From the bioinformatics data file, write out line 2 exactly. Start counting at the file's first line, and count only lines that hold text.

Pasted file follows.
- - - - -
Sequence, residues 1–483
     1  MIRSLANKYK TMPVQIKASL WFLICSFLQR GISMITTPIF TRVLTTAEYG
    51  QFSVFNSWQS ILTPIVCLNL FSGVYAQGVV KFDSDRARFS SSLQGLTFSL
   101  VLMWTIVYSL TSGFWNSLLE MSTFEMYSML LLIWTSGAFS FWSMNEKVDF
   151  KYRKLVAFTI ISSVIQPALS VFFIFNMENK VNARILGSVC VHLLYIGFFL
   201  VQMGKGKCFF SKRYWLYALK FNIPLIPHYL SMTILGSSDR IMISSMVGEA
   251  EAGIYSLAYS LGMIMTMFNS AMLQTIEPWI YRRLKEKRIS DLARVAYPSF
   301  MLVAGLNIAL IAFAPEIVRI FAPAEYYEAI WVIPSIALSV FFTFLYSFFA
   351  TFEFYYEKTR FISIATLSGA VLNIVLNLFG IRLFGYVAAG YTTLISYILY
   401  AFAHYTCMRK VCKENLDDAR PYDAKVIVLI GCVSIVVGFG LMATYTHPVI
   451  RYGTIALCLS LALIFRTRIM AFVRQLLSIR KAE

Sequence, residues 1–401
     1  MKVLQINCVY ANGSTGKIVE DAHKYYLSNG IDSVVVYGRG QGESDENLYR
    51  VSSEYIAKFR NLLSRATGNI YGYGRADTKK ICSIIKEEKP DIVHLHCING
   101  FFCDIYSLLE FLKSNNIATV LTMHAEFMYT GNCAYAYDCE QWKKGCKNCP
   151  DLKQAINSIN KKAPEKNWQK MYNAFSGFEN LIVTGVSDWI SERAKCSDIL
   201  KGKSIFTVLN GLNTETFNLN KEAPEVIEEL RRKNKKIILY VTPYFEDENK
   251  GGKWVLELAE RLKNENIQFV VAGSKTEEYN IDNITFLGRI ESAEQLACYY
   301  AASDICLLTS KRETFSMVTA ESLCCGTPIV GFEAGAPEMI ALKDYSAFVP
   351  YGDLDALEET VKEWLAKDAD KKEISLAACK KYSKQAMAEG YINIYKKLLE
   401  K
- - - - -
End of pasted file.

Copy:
     1  MIRSLANKYK TMPVQIKASL WFLICSFLQR GISMITTPIF TRVLTTAEYG